May 7, 2012
Steepest Decline Yet In HPV Vaccine Completion Rate Thanks To Informed Parents
Thanks to the wealth of information available on the HPV vaccine fraud, the proportion of insured girls and young women completing the human papillomavirus (HPV) vaccine among those who initiated the series has dropped significantly -- as much as 63 percent -- since the vaccine was approved in 2006, according to new research from the University of Texas Medical Branch (UTMB) in Galveston.
The study, published in the current issue of Cancer, reveals the steepest decline in vaccine completion among girls and young women aged nine to 18 -- the age group according to medical officials that should receive the vaccine in three doses over six months -- a message that has been drilled into parents for just over five years.
Researchers examined a large health insurance company’s records of 271,976 female patients aged nine and older who received the first dose of the HPV vaccine between 2006 and 2009. Of this full sample, just 38.2 percent received all three doses within 365 days. Researchers uncovered a marked drop in the number of females who completed the vaccine series:
HPV Vaccine Completion Rates
Age 2006 2009 Completion Dec/Inc
- 9-12 57.5% 21.2% --> 63%
- 13-18 54.9% 20.8% --> 62%
- 19-26 44.3% 22.6% --> 49%
Natural health experts are attributing the victory to mostly informed parent among the 9-12 and 13-18 age groups, where the drop may be mostly due to information presented on the internet included well balanced studies that have exposed gardasil and HPV vaccinations as unproven, unjustified and lacking evidence-based medicine.
The problem is, vaccinations such as HPV are not preventative, they do compromise safety and physicians will never provide accurate explanations of vaccine risks and benefits because they do not know themselves. Physicians can only rely on the information from vaccine manufacturers and since long-term pharmacokinetic effects which study the bodily absorption, distribution, metabolism and excretion of vaccines and their ingredients are never examined or analyzed, a Physician can never fully inform of patient of ANY benefits or risks.
Gardasil s manufacturer, Merck, states on their website that Gardasil does more than help prevent cervical cancer, it protects against other HPV diseases, too. Merck further claims that Gardasil does not prevent all types of cervical cancer. Similarly, the US CDC and the FDA claim that This [Gardasil] vaccine is an important cervical cancer prevention tool that will potentially benefit the health of millions of women and based on all of the information we have today, CDC recommends HPV vaccination for the prevention of most types of cervical cancer. All four of these statements are at significant variance with the available evidence as they imply that Gardasil can indeed protect against some types of cervical cancer.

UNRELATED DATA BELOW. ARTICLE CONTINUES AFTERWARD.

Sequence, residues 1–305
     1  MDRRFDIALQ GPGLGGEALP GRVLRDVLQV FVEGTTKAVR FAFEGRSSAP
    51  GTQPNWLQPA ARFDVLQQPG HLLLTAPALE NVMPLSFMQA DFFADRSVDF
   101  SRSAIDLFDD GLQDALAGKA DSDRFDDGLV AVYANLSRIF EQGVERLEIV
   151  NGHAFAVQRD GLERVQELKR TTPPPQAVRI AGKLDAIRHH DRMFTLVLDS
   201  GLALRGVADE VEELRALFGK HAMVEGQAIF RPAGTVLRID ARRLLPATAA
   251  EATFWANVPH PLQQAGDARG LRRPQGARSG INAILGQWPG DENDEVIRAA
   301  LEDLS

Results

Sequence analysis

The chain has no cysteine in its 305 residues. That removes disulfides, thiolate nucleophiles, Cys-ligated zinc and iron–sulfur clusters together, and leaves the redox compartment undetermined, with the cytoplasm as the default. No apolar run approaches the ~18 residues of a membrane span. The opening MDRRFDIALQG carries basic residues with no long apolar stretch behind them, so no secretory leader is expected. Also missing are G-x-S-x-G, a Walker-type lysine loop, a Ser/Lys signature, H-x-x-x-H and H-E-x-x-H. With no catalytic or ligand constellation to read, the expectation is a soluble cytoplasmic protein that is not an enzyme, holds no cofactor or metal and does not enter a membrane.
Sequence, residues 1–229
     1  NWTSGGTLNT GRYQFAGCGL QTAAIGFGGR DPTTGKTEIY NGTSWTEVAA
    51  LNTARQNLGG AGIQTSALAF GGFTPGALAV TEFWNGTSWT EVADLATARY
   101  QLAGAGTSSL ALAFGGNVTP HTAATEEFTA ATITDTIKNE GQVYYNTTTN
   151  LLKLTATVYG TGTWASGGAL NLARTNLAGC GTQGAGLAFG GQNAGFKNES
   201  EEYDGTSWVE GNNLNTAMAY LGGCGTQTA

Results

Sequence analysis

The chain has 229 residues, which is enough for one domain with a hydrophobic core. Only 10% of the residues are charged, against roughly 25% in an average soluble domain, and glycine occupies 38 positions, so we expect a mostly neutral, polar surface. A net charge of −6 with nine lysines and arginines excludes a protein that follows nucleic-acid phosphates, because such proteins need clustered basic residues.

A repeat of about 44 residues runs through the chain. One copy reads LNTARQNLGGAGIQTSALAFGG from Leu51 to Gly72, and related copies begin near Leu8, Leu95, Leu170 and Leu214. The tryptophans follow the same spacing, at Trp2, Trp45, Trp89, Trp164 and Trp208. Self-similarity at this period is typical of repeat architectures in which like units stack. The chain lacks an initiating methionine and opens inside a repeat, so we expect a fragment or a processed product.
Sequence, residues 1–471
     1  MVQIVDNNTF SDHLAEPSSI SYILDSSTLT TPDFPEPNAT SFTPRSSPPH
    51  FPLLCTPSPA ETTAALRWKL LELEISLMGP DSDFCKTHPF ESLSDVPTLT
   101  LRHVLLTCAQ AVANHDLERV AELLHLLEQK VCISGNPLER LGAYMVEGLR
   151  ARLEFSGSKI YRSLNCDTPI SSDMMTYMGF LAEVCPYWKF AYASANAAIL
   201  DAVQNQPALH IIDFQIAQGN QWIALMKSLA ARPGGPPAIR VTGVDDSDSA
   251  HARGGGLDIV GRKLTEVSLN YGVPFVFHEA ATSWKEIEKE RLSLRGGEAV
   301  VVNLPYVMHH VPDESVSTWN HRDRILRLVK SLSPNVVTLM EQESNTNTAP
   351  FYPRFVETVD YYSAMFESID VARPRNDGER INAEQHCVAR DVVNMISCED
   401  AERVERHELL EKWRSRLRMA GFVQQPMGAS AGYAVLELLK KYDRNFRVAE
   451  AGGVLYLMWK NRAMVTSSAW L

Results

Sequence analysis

At present there are no significant data showing that either Gardasil or Cervarix (GlaxoSmithKline) can prevent any type of cervical cancer since the testing period employed was too short to evaluate long-term benefits of HPV vaccination. The longest follow-up data from phase II trials for Gardasil and Cervarix are 5 and 8.4 years, respectively, while invasive cervical cancer takes up to 20 -40 years to develop from the time of acquisition of HPV infection.
Accurate and effective communication with parents about the dangers of the HPV vaccine is being achieved mostly throught the internet as mainstream medical physicians are accepting the results of studies that show the opposite of what regulatory medical colleges and associations are recommending.
Persistent HPV infections caused by high-risk HPVs will usually not lead to immediate precursor lesions, let alone in the longer term to cervical cancer. The reason for this is that as much as 90% HPV infections resolve spontaneously within 2 years and, of those that do not resolve, only a small proportion may progress to cancer over the subsequent 20 - 40 years. Moreover, research data show that even higher degrees of atypia can either resolve or stabilize over time. Thus, in the absence of long-term follow-up data, it is impossible to know whether HPV vaccines can indeed prevent some cervical cancers or merely postpone them.
It will be important for future studies to continue to identify the lack of evidence based medicine and the true motives for the profit-based vaccine which has nothing to do with advancing the health of young girls or boys.
Dave Mihalovic is a Naturopathic Doctor who specializes in vaccine research, cancer prevention and a natural approach to treatment.